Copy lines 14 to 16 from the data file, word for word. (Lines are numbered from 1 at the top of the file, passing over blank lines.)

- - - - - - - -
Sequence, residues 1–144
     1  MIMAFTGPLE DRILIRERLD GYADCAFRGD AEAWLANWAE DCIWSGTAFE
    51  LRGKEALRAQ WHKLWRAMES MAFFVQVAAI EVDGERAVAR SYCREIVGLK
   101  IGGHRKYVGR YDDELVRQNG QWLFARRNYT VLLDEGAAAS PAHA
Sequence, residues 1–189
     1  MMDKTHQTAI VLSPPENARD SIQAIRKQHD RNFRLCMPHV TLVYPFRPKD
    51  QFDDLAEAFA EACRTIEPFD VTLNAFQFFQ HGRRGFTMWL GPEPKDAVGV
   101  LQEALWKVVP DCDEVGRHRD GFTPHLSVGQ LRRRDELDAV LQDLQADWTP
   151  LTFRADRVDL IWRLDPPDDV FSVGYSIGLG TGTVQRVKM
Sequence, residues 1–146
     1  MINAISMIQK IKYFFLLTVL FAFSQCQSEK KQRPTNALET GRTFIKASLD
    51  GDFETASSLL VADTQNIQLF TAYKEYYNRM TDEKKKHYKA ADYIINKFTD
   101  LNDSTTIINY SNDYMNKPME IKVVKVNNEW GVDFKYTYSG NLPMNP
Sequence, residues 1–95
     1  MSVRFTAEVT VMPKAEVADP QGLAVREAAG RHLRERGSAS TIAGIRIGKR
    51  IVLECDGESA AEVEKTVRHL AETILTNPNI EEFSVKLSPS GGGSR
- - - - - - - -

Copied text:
Sequence, residues 1–95
     1  MSVRFTAEVT VMPKAEVADP QGLAVREAAG RHLRERGSAS TIAGIRIGKR
    51  IVLECDGESA AEVEKTVRHL AETILTNPNI EEFSVKLSPS GGGSR